The purpose of this paper is to close the transparency gap by comparing ex ante and ex post performance disclosure, thus providing important conclusions regarding the transparency of this important German market segment.
Closed-ended real estate funds (CEREFs) are one of the biggest segments of unlisted private equity funds in Germany. CEREFs have a central “profitability promise” that is based on ex ante forecasts given in the prospectus. Typically, equity is tied to these investments for up to 20-30 years, leaving investors highly insecure whether their expectations will be fulfilled and fund managers actually achieve prospected performances ex post.
The performance variance analysis of all German CEREFs outstanding during the global financial crisis reveals that prospect-performance disclosures as well as prospect-performance variances cause substantial problems in Germany due to overestimation biases of many fund managers.
As typical for the recent scholarly debate, also the past disclosure practice in Germany prohibits a long-term performance analysis, unless researchers apply instruments of modern investment analysis like comprehensive financial plans (“Visualisation of Financial Implications)”.
The transparency developments in CEREF-reporting of the last decade deliver precise recommendations regarding the internal and external performance variance analysis, risk-profiles and stress tests for the future fund management.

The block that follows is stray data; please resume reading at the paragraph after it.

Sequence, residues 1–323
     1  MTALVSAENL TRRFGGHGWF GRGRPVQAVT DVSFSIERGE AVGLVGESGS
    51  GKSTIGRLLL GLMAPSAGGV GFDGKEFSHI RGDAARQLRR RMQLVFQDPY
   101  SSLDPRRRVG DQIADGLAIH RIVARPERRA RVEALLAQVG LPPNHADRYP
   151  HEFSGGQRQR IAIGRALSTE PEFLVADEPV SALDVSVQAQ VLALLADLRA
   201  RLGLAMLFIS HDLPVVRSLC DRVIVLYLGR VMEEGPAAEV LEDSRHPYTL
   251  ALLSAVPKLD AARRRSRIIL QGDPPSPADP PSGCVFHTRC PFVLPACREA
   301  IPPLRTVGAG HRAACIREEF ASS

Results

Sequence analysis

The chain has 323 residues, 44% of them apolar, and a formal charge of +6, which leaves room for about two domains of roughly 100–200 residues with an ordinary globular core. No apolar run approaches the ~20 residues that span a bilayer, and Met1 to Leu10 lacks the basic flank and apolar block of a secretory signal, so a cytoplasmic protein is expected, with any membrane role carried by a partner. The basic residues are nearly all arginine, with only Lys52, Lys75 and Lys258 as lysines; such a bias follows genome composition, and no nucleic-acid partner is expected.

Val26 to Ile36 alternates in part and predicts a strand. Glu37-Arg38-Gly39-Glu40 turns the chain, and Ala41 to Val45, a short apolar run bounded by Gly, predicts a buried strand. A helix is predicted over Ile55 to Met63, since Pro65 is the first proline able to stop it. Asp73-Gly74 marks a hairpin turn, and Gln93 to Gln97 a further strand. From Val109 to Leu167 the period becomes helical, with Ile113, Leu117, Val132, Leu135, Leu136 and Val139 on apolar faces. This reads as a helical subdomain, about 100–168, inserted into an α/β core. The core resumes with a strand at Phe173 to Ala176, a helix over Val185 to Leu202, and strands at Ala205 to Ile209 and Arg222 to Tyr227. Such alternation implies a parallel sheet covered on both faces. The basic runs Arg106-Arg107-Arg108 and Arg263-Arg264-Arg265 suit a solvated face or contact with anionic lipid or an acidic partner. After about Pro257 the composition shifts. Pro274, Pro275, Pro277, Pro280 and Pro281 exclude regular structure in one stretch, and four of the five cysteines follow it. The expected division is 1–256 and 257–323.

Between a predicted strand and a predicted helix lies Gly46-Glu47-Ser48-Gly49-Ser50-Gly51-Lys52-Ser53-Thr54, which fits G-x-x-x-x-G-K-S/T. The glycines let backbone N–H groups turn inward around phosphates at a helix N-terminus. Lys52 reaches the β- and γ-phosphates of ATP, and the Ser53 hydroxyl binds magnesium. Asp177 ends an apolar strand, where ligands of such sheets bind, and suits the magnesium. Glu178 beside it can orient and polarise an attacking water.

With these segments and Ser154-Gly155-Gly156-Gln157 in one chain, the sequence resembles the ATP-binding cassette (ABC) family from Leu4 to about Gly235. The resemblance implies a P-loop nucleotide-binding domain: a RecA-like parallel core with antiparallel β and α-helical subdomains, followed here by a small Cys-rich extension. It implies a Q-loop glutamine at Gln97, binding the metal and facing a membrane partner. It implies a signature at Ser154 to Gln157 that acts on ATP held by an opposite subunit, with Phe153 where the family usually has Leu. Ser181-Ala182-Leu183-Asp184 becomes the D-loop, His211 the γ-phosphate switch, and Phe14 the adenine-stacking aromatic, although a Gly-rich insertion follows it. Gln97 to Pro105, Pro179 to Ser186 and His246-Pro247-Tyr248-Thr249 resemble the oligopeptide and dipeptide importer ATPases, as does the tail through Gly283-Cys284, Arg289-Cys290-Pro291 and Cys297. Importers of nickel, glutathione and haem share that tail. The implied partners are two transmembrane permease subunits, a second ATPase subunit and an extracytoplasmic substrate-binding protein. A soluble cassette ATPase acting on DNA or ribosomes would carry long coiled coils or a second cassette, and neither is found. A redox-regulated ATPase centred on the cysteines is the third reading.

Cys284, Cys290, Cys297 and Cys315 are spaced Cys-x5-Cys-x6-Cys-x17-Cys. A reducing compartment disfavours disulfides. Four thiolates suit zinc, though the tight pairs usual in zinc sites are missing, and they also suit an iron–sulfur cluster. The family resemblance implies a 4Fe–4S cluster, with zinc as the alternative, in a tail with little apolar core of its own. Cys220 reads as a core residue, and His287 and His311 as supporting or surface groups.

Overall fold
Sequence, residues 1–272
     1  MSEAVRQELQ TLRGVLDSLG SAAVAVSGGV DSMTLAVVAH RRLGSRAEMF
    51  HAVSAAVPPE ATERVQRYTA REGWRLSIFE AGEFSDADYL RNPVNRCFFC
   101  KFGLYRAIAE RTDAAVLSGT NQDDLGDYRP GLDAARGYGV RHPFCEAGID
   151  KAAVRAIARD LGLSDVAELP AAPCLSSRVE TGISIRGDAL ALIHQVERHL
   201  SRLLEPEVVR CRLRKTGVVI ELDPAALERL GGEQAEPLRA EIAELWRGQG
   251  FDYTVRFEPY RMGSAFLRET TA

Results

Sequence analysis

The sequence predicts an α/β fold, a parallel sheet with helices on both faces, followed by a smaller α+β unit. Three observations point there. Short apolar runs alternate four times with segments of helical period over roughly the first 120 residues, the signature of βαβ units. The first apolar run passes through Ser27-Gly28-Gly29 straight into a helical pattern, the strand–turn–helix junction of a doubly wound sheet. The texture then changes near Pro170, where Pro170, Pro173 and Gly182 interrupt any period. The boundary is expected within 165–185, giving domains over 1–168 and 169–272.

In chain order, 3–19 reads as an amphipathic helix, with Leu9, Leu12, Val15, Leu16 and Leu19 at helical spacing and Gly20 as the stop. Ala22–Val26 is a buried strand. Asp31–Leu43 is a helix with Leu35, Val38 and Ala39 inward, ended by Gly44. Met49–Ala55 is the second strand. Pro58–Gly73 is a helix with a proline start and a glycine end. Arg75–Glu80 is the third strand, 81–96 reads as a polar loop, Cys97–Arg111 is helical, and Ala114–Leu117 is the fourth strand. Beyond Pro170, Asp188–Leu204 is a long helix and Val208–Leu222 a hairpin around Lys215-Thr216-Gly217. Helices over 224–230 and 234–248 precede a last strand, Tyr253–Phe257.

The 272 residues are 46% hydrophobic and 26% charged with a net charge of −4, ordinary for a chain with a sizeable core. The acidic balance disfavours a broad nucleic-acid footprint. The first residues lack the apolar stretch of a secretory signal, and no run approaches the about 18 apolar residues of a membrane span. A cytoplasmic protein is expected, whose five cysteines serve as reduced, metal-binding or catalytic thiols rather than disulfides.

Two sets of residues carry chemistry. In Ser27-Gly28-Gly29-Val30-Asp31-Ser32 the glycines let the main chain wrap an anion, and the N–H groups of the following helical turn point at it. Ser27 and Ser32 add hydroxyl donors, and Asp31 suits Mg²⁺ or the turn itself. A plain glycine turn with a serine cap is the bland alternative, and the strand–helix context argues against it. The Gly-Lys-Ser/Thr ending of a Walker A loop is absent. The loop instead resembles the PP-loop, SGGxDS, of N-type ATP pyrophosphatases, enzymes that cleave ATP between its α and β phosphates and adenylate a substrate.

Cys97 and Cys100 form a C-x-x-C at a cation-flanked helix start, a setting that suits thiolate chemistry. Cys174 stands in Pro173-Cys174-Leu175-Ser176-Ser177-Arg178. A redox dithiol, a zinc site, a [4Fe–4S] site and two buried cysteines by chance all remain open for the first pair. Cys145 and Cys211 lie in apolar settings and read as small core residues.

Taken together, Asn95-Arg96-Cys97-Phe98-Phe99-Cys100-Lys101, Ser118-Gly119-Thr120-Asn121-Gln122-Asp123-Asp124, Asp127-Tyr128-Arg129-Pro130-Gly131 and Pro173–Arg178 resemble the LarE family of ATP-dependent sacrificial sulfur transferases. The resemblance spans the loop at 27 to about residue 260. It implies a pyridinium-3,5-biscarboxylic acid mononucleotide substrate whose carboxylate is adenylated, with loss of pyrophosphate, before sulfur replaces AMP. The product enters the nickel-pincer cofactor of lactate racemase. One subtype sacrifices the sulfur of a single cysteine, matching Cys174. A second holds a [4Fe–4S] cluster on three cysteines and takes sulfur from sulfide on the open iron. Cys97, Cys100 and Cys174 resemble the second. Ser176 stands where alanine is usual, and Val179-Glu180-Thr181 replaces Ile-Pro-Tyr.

The introduced methodology would increase transparency in the segment of CEREF and, thus, improve investor protection. Since private households in Germany mainly acquire these funds, this is a contribution to sustainability in private asset management.
The paper develops a new methodological framework for performance measurement of unlisted funds. It then assesses for the first time the impact of transparency and trust on fund performances by applying a performance variance analysis.
Nadler, M. (2018), "Performance vs prospectus = transparency in German closed-ended real estate funds?", Journal of Property Investment & Finance, Vol. 36 No. 2, pp. 158-170. https://doi.org/10.1108/JPIF-11-2016-0084
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